The news broke this morning that University of Washington alum Tony Wroten Jr. has been shipped off to the Philadelphia 76ers in exchange for a second round pick. Wroten played the 2012 season as part of the Memphis Grizzlies, who drafted him 25th overall in the 2012 NBA Draft. He participated in 35 games, averaging 2.6 points and 1.2 assists in limited time. During the season he spent time with the Reno Bighorns of the D-League.
Wroten was considered a five-star recruit as a 6’4″ 195-pound point guard coming out of Garfield High School in Seattle, largely due to his athleticism, size, and skill as a passer and finisher. He committed to Coach Romar and the Huskies as part of the Class of 2011, and expectations were high for his freshman year.
He left campus and declared for the NBA Draft after a single polarizing season. He averaged an impressive 16 points per game to go along with 5.0 rebounds and 3.7 assists. Unfortunately, he also turned over the ball 3.8 times a game and managed an ugly .443/.161/.583 shooting line. While his scoring near the basket and his above average rebounding for a guard were well above what would be expected from a normal freshman, his turnovers and broken jump shot left many Washington fans frustrated. In fact, when news broke that Wroten would not return for his sophomore year, just as many fans seemed to express gratitude as expressed grief.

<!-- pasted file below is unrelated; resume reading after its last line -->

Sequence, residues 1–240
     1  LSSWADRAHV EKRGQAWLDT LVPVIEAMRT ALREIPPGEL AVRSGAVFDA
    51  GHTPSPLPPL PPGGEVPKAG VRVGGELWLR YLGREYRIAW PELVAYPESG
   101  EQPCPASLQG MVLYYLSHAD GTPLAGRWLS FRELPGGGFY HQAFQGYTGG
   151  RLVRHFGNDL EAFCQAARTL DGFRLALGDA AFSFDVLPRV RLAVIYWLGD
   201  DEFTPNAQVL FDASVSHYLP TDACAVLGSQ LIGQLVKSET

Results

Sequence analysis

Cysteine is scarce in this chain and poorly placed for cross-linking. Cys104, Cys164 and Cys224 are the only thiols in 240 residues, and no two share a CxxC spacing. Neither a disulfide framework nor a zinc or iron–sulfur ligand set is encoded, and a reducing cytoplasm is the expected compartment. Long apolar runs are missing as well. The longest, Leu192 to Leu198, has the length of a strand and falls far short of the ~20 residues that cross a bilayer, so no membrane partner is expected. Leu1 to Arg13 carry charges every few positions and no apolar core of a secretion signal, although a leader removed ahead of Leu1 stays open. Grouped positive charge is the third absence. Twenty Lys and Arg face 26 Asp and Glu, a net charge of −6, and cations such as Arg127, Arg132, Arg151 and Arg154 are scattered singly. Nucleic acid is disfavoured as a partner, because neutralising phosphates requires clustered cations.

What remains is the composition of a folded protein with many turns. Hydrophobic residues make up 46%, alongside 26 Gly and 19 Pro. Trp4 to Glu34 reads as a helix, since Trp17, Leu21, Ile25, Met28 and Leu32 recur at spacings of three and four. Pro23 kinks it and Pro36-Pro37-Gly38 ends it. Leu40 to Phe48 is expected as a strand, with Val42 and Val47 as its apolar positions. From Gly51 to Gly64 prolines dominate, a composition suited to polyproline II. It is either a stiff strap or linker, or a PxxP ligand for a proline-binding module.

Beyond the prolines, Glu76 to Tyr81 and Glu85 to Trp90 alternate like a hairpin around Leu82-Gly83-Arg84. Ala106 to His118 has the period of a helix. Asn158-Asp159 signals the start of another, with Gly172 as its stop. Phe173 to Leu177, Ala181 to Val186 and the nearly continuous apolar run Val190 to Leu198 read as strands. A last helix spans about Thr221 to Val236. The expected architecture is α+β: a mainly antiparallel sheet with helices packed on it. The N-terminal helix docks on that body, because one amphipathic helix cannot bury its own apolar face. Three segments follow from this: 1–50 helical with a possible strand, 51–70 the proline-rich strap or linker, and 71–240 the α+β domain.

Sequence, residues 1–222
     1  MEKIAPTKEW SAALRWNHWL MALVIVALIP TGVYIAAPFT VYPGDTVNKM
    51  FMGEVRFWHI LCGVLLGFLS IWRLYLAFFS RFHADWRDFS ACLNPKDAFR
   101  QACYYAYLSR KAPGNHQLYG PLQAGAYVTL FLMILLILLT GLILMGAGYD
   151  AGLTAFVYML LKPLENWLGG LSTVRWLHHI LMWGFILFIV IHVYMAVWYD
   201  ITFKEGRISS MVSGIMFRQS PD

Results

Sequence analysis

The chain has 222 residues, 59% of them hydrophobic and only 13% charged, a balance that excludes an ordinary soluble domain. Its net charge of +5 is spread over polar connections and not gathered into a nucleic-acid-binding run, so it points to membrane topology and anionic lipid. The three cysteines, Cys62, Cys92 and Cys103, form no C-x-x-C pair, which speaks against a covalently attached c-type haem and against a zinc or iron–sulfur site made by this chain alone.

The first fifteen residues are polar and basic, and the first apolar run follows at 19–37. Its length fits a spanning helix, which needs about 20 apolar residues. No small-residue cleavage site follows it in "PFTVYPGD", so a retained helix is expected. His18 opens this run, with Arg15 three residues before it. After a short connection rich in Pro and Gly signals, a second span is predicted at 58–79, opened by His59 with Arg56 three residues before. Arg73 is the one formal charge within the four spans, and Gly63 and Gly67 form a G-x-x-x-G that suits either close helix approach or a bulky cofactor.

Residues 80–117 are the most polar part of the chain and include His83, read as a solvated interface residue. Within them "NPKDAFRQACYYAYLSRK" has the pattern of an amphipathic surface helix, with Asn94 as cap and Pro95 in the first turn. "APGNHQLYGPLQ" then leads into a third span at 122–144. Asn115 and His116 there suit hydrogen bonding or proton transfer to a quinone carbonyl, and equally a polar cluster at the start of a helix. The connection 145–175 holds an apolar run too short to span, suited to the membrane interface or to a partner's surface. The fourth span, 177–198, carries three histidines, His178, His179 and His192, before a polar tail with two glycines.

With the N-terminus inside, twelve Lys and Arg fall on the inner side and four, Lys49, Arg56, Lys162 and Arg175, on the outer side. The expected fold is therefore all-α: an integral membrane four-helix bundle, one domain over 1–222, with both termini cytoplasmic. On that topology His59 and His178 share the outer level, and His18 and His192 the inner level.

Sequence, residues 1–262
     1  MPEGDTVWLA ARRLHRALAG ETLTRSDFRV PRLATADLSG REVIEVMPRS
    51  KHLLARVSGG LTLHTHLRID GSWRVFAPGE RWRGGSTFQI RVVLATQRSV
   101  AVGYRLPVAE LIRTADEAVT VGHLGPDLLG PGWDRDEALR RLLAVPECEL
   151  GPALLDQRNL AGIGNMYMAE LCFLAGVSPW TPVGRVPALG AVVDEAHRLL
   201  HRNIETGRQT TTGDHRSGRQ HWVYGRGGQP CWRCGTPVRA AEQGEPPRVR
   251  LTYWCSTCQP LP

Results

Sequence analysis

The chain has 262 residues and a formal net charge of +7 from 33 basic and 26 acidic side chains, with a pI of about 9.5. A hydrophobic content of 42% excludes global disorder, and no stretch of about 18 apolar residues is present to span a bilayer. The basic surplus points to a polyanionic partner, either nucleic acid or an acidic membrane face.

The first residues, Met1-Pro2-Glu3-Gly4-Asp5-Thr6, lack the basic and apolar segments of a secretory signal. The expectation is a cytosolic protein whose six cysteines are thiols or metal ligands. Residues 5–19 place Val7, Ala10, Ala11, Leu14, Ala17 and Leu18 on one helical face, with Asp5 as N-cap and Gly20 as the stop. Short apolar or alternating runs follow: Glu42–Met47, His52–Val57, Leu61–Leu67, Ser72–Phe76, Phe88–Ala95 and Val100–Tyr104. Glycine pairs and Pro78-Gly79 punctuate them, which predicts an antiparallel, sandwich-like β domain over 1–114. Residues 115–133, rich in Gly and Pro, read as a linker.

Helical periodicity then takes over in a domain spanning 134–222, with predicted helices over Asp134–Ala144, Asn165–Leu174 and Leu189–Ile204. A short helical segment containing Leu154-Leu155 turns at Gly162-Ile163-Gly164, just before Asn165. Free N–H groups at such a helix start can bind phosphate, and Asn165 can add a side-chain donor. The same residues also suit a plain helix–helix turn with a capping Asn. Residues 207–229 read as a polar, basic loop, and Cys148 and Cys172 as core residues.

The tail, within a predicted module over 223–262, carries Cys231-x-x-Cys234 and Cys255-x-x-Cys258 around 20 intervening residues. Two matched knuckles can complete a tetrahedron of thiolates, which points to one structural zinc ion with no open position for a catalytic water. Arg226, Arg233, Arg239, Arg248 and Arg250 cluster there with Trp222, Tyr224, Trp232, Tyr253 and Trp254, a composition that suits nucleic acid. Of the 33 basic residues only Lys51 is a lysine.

The Grizzlies drafted Wroten for his physical attributes and his scoring ability. It was clear Wroten would have to show improved efficiency with his passing and a vastly reworked jump shot. He failed to take major steps forward in either category, but also played so few minutes that it’s tough to bash the young guard for lack of improvement.
With the 76ers he will likely get more of an opportunity as a back up combo guard, and considering that he’s only 20 years old, there’s no reason to fully write off Wroten. But Memphis’ decision to swap a first-round selection for a second round pick certainly seems like the admission of a mistake. This much is clear: if Wroten remains the same polarizing player he was at Washington, his career may never get off the ground.